Our lower level is being used as a branch office for the small software development company that our son works at. He’s been doing the COVID-19 ‘Work From Home’ approach since he started working back on June 1st, after he moved home as a new college graduate. We’ve tried to give him his own space and not bother him too much during office hours, but sometimes he is coding software on one end of the table and I’m building LEGO projects on the other.
That funny juxtaposition of who is the child and who is the parent came to life in another way last week he invited me and Mrs. Fire Station for an impromptu ‘Bring Your PARENTS To Work Day’.
He checked it out with his boss at work and let us sit in on their Friday morning staff meeting where the software development team goes through their latest ‘Sprint’ project check-in. It was cool to see the kinds of projects they work on, how they scope each project, and prioritize what to work on for the next three week run. They call the process ‘Poker Planning’ as once upon a time they would ‘vote’ with poker cards to rate the complexity of each project. Now everything is done over ZOOM with a sophisticated, online project planning tool.
This peek into his work took me back to my own days of project reviews, new product planning, and initiative prioritization at MegaCorp. On some of the projects they were developing ‘MVPs’ – Minimally Viable Products – to test out the functionality of certain ideas. That’s part of the ‘Lean Start-Up’ methodology created by author Eric Reis that we first explored 10 years ago with Reis himself for MegaCorp’s ‘Innovation Speed’ task force. It was great to see the smart approach used effectively at this SmallCorp.
He also showed us how they do some of the front-end and back-end coding and have an intra-team review process for their work. Each employee has a lot of autonomy in what projects they do, how they approach the work, and when during the day they do it. Since there are only 12 people on the team, they are able to collaborate very seamlessly with each other and the group seems to have a good work/fun balance. Each employee is allowed to do ’10% time’ – another MegaCorp hallmark – where they can spend an afternoon a week working on their own interests that can be used to push the business forward.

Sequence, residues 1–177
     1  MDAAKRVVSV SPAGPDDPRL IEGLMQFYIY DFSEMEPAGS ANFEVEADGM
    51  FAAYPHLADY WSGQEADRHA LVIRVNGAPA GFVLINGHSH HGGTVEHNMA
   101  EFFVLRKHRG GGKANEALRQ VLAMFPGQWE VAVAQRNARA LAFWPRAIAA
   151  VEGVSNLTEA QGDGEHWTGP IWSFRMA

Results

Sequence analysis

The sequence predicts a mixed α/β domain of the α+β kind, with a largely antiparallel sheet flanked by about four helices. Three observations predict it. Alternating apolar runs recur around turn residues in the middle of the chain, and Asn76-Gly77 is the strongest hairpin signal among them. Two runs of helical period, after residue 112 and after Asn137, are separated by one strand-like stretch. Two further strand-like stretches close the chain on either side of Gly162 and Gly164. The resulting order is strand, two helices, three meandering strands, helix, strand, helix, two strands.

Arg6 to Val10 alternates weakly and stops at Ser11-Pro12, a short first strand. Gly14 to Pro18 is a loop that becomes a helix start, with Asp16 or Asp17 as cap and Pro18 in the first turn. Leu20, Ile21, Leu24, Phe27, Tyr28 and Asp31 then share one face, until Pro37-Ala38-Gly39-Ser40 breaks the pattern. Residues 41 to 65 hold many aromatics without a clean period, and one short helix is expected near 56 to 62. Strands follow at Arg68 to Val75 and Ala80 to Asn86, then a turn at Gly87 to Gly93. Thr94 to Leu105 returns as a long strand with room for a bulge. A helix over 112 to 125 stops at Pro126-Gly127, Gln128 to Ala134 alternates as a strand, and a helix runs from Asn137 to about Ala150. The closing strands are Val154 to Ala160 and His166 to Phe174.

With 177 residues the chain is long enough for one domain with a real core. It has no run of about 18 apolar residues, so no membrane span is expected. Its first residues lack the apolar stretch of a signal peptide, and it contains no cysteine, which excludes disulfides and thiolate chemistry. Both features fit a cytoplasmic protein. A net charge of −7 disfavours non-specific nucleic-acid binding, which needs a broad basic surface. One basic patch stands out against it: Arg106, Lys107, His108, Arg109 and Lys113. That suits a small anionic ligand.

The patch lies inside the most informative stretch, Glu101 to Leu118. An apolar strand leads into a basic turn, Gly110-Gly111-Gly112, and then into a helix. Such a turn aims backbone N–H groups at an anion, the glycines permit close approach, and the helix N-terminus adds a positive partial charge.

They capped their workweek on Friday afternoon with a fun game of ‘Jeopardy’ that everyone on the team participates in. Even though they are on ZOOM – working remotely from their own homes – it’s great to see the camaraderie. We often hear our son laughing from the lower level when we are up in our main level kitchen. There are no prizes for the weekly Jeopardy winners, but you can tell they are all enjoying it a great deal.
As we finished up, I remembered 10 years ago taking our son to ‘Bring Your CHILD To Work Day’ at MegaCorp with me. I think it was a boring day for him with a lot of meetings. The high point might have been getting his picture with our advertising characters or going to the office vending machine. This turnabout to ‘Bring Your PARENT To Work Day’ was great payback for me and helped us understand what he now does and what is happening in our basement ‘branch office’.
Who Else Has Had The Opportunity For A ‘Bring Your PARENT To Work Day’?
Image Credit: Pixabay
4 thoughts on “Bring Your PARENTS To Work Day”
Lol! That is really a cool experience!
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Good fun for sure! 🙂
So cool, Chief! What a great opportunity. Music legends Brian Wilson and Van Dykes Park wrote a song for The Beach Boys, called “Child Is Father of the Man.” Though never fully completed, it was recorded. Might be worth a listen for this time in your lives.
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Interesting – had to look that up. It sounds like the unfinished song was inspired by this William Wordsworth poem about one’s adult self being formed out of his childhood:
“My heart leaps up when I behold
A rainbow in the sky:
So was it when my life began;
So is it now I am a man;
So be it when I shall grow old,
Or let me die!
The Child is father of the Man;
And I could wish my days to be
Bound each to each by natural piety.”